By Janet Kwon
With curtains shut and windows taped, the newly renovated Federal Hall has yet to reopen its doors. After 16 months of construction at a $16 million cost, the famed building is slated to reopen to the public around the second week of October, Columbus Day weekend.

Downtown festivals don’t leave home without AmEx
By Ronda Kaysen
The concert had barely begun and already the crowd was thick. Families sprawled on blankets and in folding chairs on Pier 17 in the South Street Seaport. Hipsters clutched plastic cups of beer, the Financial District skyscrapers towering behind them. Tourists peered curiously, watching as Amy Rigby and Robbie Fulks, two alternative country bands, gave a free concert at the start of the long Fourth of July weekend.

New delay for Fiterman demolition

Downtown Arts & Entertainment

Art of the deal; group buys building for $1
By Steven Snyder
The idea of the city as an urban jungle is nothing new, but the two vastly disparate jungles now hanging side by side at the Photographic Gallery offer an interesting commentary on how the same city can be a very different adventure when seen through different eyes, at different times.

Directorial debut checks in at Film Forum
By Noah Fowle
Michael Kang’s directorial debut, “The Motel,” is the type of small film that will make audiences both happy to have found it and sad that many others may not. A hit at this year’s Sundance Film Festival, Kang’s inaugural work is an honest, comic and melancholic examination of adolescence and the Asian American experience.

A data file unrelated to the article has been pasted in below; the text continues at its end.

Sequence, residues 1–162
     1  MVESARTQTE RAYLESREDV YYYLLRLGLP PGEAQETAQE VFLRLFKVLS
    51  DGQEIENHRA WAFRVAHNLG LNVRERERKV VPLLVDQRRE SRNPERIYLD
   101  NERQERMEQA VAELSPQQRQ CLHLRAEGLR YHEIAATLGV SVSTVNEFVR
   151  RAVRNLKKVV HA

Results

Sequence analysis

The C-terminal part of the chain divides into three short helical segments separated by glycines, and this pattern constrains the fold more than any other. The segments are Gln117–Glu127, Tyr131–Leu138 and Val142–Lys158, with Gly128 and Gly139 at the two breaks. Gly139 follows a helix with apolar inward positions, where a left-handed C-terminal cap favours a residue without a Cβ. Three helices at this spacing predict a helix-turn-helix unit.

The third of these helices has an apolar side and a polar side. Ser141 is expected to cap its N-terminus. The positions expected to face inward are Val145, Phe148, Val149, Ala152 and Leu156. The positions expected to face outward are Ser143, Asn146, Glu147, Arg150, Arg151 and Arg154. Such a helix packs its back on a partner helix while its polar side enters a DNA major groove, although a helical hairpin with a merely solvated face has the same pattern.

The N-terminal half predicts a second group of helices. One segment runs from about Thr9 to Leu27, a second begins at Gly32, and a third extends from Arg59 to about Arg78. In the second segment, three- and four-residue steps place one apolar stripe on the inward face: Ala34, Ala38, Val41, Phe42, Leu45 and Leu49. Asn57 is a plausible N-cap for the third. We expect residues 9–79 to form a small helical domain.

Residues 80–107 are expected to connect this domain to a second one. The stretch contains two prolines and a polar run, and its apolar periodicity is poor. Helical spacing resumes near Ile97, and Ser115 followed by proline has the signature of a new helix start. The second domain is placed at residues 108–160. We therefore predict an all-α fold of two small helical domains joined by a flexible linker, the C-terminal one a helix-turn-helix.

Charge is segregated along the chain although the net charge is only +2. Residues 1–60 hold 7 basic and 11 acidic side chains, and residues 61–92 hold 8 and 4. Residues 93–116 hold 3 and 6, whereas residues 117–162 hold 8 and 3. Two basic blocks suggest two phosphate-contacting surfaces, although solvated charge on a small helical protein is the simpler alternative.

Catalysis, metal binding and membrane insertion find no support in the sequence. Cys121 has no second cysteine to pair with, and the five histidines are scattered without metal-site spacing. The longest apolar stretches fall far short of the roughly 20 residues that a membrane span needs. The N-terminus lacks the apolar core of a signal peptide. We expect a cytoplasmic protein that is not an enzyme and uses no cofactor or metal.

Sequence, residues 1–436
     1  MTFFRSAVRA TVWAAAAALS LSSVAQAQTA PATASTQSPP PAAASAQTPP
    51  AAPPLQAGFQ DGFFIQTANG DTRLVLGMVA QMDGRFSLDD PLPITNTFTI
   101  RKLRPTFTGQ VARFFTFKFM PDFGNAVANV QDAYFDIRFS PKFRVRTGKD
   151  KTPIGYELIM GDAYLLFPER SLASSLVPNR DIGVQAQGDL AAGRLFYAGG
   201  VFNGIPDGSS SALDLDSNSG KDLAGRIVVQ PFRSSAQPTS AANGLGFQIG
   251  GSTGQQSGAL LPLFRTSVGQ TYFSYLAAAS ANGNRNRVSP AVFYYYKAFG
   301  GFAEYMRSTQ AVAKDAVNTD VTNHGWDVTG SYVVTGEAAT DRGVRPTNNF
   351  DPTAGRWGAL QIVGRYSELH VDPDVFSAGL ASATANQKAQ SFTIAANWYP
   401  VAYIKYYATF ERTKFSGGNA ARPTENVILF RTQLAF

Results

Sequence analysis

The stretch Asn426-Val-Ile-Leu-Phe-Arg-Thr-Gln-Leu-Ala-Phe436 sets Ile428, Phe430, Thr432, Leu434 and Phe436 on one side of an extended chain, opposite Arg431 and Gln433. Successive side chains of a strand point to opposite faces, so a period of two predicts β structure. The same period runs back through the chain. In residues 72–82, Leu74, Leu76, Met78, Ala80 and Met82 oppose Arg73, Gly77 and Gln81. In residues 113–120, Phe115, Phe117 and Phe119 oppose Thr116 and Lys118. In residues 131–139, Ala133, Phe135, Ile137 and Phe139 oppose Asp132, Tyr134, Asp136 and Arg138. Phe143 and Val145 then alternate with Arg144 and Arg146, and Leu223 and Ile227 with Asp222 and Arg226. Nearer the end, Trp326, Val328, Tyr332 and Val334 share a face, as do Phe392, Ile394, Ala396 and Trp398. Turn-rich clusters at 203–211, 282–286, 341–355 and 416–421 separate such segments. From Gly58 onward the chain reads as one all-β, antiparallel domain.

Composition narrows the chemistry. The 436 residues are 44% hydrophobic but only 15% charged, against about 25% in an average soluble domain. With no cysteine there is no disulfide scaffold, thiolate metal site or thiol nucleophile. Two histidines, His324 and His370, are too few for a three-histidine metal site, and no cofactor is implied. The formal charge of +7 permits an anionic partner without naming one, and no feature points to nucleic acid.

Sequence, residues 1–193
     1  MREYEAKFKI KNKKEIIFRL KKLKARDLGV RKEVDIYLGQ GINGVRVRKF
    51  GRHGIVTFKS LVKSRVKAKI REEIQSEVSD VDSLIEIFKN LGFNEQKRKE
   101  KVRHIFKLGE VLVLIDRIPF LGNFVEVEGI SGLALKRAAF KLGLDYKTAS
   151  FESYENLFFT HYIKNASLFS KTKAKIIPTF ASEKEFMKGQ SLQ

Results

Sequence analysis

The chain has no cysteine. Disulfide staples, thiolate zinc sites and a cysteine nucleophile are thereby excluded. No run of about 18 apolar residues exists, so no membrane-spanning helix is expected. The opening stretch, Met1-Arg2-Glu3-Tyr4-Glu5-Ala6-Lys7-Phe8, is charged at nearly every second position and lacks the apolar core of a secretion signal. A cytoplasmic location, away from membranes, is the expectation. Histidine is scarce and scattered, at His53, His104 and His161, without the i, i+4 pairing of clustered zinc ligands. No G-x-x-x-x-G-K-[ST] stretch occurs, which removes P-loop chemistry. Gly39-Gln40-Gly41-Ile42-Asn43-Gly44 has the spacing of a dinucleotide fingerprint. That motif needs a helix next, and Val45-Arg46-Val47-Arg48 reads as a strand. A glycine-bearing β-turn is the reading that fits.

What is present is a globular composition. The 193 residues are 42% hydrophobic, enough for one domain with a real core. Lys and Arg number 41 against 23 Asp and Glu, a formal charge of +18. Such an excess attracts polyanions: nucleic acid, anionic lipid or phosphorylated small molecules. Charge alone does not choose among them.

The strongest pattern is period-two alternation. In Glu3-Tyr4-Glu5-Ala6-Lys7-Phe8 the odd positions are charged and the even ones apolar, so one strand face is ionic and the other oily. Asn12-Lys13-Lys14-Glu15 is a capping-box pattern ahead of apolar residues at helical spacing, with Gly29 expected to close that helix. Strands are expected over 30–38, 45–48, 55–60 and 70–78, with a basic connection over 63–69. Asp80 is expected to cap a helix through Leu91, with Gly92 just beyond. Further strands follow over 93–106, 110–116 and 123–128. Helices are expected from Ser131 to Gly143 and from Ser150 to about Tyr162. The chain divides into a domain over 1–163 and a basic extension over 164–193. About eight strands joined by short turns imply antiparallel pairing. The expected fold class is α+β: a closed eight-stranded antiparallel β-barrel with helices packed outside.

Food seller hopes outdoor market is ripe for a competitor
By Neal Schindler
A few weeks ago in Petrosino Square, a small but scrappy-looking new farmer’s market, consisting of fewer than a dozen booths, took its first steps. Passersby strolled up to the table manned by Jon Orren of Wheelhouse Pickles and gave his pickled pears and turnips a tentative try; others gravitated towards David Zablocki’s Wine Cellar Sorbets booth to get a bit giddy on a light, refreshing confection made with New York pinot noir. A tall, lean woman with a French accent tugged

Actors Studio brings star power to Pace
By Scott Sager
The Actors Studio, a 57-year-old theater group known for the celebrity of its members and the James Lipton-hosted Bravo show, “Inside the Actors Studio,” has found a new home for its Master of Fine Arts program at Pace University’s Downtown campus. After severing ties with The New School in June 2005, it has since signed a new, 10-year agreement with Pace, where the first class of students will enter the three-year Actors Studio MFA program this fall.

An unfit momma’s boy
By Steven Snyder
There are those who like to squirm at the movies, and those who don’t. A brief word of warning: “Loverboy’s” a squirmer. Marking the ambitious – perhaps too ambitious – directorial debut of Kevin Bacon, “Loverboy” evokes memories of “Bad Santa” and “Rodger Dodger,” movies which twisted traditional stories about Christmas and family, warping them into trangressive comedies. But unlike those relatively light-hearted affairs, “Loverboy” refuses to temper its shocks with the laughs that would allow audiences some breathing room.